Reality check: What your business can expect from social media
Aren’t we lucky? We live in a world where businesses can get in front of their audiences with a click of a button (or two).
Well, actually that isn’t entirely true. If only it were as easy as that.
In this blog, we focus on the realities of running social media for your business. We’ll discuss social media myths and remove the rose tinted glasses for those that believe there is a magic one-size-fits-all solution to boost ROI.
We speak with countless social media cynics who have tried their hand at SMM and are unhappy with the results because they:
- Think social media is “easy”.
- Expect too much too quickly.
- Have not budgeted appropriately to get results.
- Do not have a plan or set any goals for their activities.
Any of these sound familiar?
Unfortunately, if any of the above apply, when reality sets in, which it will, you’ll end up with a disengaged feed, left to look after itself. And before you know it, no one is listening.
This is why it’s important to enter into the world of social media management for business with your eyes wide open.
1. SOCIAL MEDIA IS EASY
Yes, we still hear this. Often from people that:
- Aren’t measuring what they are doing
- Don’t see the value in it
- Aren’t on it themselves (even in a professional capacity)
- Have automated it to the point of it being pointless so they can tick a box to say that they do it.
Anyone that has managed social media account for a business knows that this is far from the truth.
While the act of putting an update out there is easy (although I have days where that process can frustrate the hell out of me), the strategy behind it, content creation, and analysis is not a job that just anyone can do.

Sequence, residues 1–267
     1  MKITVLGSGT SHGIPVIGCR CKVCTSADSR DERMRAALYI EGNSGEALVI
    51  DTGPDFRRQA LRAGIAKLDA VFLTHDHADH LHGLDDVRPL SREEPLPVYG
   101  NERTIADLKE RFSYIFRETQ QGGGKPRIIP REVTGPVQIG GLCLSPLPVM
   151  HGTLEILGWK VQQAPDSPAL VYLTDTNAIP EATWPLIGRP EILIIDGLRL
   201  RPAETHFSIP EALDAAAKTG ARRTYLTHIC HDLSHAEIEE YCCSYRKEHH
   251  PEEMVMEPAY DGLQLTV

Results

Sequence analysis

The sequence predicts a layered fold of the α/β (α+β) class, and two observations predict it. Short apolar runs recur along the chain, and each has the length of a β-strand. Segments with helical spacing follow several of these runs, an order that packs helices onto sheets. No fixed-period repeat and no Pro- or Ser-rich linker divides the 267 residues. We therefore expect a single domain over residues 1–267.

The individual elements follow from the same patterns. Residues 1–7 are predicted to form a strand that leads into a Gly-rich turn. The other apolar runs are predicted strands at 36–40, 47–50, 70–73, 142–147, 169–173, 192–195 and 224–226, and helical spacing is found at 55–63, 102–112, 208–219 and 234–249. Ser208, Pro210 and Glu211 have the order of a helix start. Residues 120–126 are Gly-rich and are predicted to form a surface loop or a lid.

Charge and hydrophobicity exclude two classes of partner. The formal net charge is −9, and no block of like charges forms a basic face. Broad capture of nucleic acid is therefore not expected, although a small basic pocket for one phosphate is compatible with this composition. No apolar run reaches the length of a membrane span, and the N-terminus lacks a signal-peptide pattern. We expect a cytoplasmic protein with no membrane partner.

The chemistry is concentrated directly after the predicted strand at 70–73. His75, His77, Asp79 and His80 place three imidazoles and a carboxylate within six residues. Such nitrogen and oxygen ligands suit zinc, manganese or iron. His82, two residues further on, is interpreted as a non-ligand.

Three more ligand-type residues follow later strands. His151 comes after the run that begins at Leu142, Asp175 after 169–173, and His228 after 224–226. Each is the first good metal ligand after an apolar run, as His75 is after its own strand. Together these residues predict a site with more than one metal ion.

Don’t get me wrong; this doesn’t mean just because you hire someone with social media marketing experience that there isn’t some aspect of trial and error. With the ever-changing algorithms, features and audience needs, whatever works today at 5pm does not mean that at 5pm every day or week there is going to be the same response. It isn’t uncommon that something that you thought would fly could have the same effect as throwing a chipolata down the Dartford tunnel. The difference in having an experienced person running things is that they know enough and change tact accordingly.
2. EXPECT TOO MUCH, TOO QUICKLY
This common misconception. The hope is that from that first update the flood gates of followers and engagement will happen (oh and don’t forget sales).
Sorry but that is probably not going to happen – unless you put together an awesome campaign to enable this. The first 3 – 6 months are the hardest. From content creation to learning what resonates with your audience through to engaging with your ideal community, it takes time. This hard work has to come from someone that knows the business and the social media strategy.
Our top tips to make these first months as pain-free as possible are:
- Start with one or two social media accounts and get those nailed rather than spreading yourself too thinly.
- Have a plan -content planning is to stay focused and prevents having a block or spamming your new found audience.
- Invest in some unique imagery/graphics to make your accounts stand out against the noise.
- Spend time on your profiles and brand up your accounts as much as possible to enable you to be found and make an excellent first impression.
- Have a budget for some paid advertising to get your account in front of the right people while you are building your organic presence. Be prepared to work even harder for those organic results.
- As for sales – it takes a lot more than a couple of tweets to generate interest. You need to try and reach your current customers and empower your employees to advocate your business to try and produce sales. Why? Because people will listen to them more than you. Think about it, if you sold kitchen cleaning products and talked about how amazing your product is until someone else says it – I won’t believe it.